Jeff Pilson’s career has included many notable facets. He rose to acclaim in the classic lineup of the hair-metal band Dokken, and since 2004 he has the bassist for classic-rockers Foreigner.
Different genres don’t necessarily make for radically different approaches, and Pilson brought a high-energy approach to Foreigner, in the studio or onstage. Prior to a recent concert during the band’s 40th anniversary tour, he conversed with VG about his experiences and instruments.
Pilson began playing as a youngster in Milwaukee, and later moved to Washington state, where he immersed himself in music.
“I actually started on cello, and I got a bass when I was 12, before I got a guitar,” he said. “It was a Teisco Del Rey with a really tiny neck, and I loved it. I paid $35 for it, and I got a Gibson Skylark amp, also for 35 bucks.”
Asked about early influences, he recalled, “The first guys I listened to were Jack Bruce and a little bit of (John) Entwistle, though that was beyond me at first. So there was a lot of listening to Cream. The first thing I ever learned to play and sing at the same time was ‘Born To Be Wild’ by Steppenwolf. When I was 15, I discovered Chris Squire, and I went over the top – started using a pick instead of my fingers, and learned every note on every Yes album, all the way through Going For The One.”
While playing in Dokken in the early ’80s, Pilson’s primary bass was a Jackson heard on Tooth and Nail, then he gravitated to Fender Precisions by the recording of Under Lock and Key.
“I used to rent a ’61 P-Bass from the Eddie Brauer rental company in L.A., and I bought a ’58 in ’86,” he said. “I also used Ripley basses.”
His current P-Bass is a ’73 with ’66 pickups.
“I found it when I first joined Foreigner. I had my ’58 but didn’t want to take it on the road, and I’d used some reissue ’50s P-Basses. I found this one at a store in L.A.; it felt right and the neck was really solid. I’d tried some ’64 pickups in it that sounded amazing, but they suddenly lost signal, so I replaced them with the ’66 pickups.”
The bass also has a Badass bridge that Pilson installed, and a chrome strip on the forearm bevel was there when he bought the instrument; it’s actually a nameplate that said “Chuck Brown,” though the name has been worn away.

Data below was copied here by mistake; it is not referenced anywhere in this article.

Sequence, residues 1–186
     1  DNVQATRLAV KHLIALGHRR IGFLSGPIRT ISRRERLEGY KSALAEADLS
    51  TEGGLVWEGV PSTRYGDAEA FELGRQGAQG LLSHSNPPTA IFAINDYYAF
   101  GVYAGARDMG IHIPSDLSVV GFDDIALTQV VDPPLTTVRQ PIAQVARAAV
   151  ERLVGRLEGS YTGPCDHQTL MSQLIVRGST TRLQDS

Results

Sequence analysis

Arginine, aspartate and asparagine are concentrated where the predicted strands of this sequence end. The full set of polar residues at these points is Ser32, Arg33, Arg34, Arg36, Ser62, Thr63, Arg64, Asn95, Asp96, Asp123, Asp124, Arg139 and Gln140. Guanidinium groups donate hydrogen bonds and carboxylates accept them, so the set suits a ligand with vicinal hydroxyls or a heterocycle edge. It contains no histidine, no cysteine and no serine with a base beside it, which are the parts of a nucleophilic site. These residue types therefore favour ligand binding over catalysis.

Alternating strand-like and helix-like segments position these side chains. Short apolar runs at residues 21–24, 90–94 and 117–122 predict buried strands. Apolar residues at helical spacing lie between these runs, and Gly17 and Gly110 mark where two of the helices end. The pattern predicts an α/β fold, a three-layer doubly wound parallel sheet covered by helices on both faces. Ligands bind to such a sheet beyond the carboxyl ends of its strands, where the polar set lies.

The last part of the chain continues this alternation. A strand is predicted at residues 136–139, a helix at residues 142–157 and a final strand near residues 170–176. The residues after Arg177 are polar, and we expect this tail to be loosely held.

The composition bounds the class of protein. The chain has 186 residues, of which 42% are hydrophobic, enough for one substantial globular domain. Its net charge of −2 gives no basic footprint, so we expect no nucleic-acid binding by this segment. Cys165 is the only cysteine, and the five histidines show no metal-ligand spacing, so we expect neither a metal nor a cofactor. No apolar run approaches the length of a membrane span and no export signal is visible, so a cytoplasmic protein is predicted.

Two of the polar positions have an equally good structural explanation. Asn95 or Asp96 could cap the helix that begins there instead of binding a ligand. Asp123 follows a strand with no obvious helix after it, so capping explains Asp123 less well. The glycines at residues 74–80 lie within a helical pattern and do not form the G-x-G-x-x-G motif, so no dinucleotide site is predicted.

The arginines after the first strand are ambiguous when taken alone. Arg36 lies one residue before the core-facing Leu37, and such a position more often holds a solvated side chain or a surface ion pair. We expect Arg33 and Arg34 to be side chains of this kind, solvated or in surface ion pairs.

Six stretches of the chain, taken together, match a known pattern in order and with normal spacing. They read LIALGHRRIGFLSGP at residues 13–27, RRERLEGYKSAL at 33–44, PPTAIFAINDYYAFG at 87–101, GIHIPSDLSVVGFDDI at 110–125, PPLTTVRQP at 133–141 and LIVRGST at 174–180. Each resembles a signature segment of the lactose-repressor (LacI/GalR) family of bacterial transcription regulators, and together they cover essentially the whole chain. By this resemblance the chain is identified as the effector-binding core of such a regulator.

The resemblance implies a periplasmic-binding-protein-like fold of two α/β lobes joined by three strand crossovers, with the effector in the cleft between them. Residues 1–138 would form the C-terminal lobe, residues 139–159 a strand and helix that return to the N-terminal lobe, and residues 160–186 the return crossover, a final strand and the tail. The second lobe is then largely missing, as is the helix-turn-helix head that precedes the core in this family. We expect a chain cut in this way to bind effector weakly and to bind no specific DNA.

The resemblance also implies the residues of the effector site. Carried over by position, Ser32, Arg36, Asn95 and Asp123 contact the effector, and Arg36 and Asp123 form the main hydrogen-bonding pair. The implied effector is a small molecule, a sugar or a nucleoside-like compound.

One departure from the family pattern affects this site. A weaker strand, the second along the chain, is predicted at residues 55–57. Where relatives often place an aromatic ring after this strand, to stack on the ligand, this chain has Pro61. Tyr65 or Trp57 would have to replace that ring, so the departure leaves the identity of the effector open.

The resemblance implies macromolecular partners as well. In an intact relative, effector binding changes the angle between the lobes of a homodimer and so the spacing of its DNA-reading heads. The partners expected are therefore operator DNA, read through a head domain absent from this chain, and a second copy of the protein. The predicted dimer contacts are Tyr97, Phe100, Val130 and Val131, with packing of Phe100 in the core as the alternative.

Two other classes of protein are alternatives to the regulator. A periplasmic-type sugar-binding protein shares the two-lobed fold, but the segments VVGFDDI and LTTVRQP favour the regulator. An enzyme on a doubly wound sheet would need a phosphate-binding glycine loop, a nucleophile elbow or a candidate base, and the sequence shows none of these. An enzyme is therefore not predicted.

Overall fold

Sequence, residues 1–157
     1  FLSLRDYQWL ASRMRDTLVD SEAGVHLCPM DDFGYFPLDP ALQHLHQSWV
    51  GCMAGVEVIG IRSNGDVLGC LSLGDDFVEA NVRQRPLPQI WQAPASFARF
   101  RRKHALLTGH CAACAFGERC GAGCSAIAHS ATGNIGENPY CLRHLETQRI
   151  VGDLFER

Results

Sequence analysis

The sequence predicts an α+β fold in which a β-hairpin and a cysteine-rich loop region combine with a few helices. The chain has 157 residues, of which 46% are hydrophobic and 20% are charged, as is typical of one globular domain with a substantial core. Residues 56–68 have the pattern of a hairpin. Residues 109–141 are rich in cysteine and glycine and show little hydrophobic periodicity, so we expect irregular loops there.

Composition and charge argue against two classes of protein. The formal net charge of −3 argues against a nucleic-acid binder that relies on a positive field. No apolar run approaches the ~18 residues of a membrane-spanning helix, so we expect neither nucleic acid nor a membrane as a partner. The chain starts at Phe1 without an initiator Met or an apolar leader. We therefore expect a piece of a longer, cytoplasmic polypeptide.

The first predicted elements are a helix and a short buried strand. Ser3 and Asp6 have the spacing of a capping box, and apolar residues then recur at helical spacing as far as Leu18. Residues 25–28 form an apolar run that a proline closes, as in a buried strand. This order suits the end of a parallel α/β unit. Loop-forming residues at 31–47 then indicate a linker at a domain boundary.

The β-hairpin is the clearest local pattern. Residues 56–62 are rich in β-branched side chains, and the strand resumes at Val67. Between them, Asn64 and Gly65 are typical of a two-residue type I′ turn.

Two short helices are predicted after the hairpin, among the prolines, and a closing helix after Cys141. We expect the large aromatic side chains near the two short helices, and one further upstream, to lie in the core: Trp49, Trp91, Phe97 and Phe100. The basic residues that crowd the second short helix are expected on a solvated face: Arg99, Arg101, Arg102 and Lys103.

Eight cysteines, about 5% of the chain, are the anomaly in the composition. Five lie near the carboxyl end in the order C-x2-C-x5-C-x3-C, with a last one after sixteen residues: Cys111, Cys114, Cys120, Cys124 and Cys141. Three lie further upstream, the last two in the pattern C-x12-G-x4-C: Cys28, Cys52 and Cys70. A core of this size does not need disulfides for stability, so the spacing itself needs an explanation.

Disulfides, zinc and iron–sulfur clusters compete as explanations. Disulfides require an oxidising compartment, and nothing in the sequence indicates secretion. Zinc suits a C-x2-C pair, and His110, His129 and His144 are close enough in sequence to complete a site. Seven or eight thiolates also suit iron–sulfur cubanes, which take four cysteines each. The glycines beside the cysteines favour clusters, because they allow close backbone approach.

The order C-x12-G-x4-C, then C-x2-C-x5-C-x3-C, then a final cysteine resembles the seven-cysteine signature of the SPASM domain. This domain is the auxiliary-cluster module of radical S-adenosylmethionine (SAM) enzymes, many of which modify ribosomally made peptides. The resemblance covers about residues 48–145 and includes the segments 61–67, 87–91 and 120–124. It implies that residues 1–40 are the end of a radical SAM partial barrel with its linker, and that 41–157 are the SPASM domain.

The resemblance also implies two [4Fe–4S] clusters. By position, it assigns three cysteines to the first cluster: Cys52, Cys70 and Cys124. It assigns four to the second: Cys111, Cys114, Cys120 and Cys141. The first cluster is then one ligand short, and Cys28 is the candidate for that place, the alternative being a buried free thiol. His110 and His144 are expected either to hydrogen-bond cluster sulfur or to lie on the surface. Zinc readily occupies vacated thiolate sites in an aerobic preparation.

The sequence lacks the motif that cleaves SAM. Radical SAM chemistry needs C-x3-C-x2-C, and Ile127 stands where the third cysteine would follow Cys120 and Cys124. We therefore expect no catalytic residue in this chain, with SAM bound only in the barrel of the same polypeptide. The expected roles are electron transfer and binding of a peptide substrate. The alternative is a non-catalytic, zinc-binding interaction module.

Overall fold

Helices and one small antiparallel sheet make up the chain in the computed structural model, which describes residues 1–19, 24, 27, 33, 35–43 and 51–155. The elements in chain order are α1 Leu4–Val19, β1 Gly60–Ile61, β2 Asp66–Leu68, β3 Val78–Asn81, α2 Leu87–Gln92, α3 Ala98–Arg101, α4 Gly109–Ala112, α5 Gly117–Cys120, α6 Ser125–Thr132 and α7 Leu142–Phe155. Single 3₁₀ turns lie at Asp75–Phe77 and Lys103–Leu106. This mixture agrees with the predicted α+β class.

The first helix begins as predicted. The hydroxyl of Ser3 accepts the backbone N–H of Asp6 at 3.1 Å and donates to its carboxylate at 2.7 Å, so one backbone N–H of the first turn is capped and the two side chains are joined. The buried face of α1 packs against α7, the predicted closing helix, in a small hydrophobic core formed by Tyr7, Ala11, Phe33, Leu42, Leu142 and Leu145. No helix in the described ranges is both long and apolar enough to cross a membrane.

Pilson has a ’71 P-bass for backup in concert, and it, too, has ’66 pickups. He also owns a Candy Apple Red ’64 P-Bass, but rarely gigs with it.
Foreigner has been known to do acoustic/“unplugged” material in concert, and Pilson uses two Breedlove basses for those segments – one fretted, one fretless. He described them as “…amazing and gorgeous. I love the way they feel and play. The company has a love of instruments, which I think is pretty awesome.”
The classic lineup of Dokken reunited in 2016 for a quick one-off tour of Japan.
“That went a lot better than I was expecting,” Pilson recounted. “We had a lot of fun and got along great. It was a very positive experience, and everybody bonded.”
A DVD/CD set from the Japan reunion tour is slated for release this year.
“We also wrote a new song,” he added. “It came out amazing, and we were really pleased. We also did some acoustic versions of some old Dokken tracks.”
Asked about any perceived contradictions in having played in a hard-rock/heavy metal band and the transition to an iconic “arena rock” aggregation, he said, “People will ask, ‘How different is it?’, and I say ‘It’s not as different as you think because Dokken was influenced by Foreigner.’ I was already a Foreigner fan.”
Regarding the evolution of Foreigner over four decades, Pilson said of the current lineup, “We may bring a little more energy or may be a little heavier than the original band, but the principle is the same – heaviness and melody with great hooks.”
Foreigner will be releasing an album in May titled 40 Hits From 40 Years, which will include some newly-record “unplugged” versions of its hits. Pilson predicted more acoustic concerts in Foreigner’s future, as well, and was looking forward to an upcoming performance with an orchestra in Switzerland.
This article originally appeared in VG July 2017 issue. All copyrights are by the author and Vintage Guitar magazine. Unauthorized replication or use is strictly prohibited.